Drawing from Life

drawing-from-life.jpgThis is a terrific book that I picked up in Seattle and since have been slowly relishing each page. Unlike many survey books that devote little more than a superficial paragraph and single photo for each subject, there are many photos from each journal featured, along with Jennifer New’s in-depth profile of each journal-keeper’s motivation, inspiration, and how keeping art journals over many years has impacted their work and life.

Not just artists are featured — in the mix of 31 journals, there are those of scientists, a psychologist, a film-maker, musicians, an architect, a quilt-maker, and more. New divides the journals up into categories of methodology: observation, reflection, exploration, and creation, with an introductory essay for each section. There is also an introduction siting journal-keepers through history, and the soft-binding, rounded corners, and ghostly grid background on all the interior the pages gave me the pleasant feeling that I was actually reading from a journal.

This book has given me new insight into what I could achieve from keeping a more regular journal and has inspired me to draw every day. In fact, I’ve been looking forward to opportunities to get stuck in odd places or at parties without anyone to talk to, so I can whip out my journal and start gathering visual information. (click on a thumbnail for larger view)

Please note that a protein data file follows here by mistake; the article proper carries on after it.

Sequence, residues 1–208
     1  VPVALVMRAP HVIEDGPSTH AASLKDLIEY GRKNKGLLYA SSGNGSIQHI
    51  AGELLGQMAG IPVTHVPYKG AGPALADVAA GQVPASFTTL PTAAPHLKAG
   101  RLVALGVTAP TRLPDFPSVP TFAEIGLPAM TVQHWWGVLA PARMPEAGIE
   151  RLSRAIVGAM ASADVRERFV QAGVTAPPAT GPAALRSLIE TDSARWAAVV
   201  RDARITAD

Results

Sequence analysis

The World of Robert E. Smith


Robert E. Smith, a self-taught outsider artist who has been featured in the Museum of American Folk Art, will be 80 next month. To put together this show at the MSU Art & Design Gallery that spans over thirty years of work, collectors loaned 140 of his paintings for the exhibition. It’s a rare opportunity to become immersed in the wacky and entertaining world of Robert E.

One of the paintings that we loaned is the basis for this downtown mural, and we won it at the auction to raise funds for the mural. But our painting is better because the artists who interpreted the mural for Robert smashed the painting a bit — ours is longer and skinnier.


But they did pretty much capture the spirit of the original painting. In this detail you can see some of the trademarks of Robert’s story-paintings — famous people like Ray Charles or Santa Claus appear frequently, as does Baby Jane, current events, and personal landmarks from Robert’s memory. If you haven’t already figured it out, Robert has been a major influence on my art.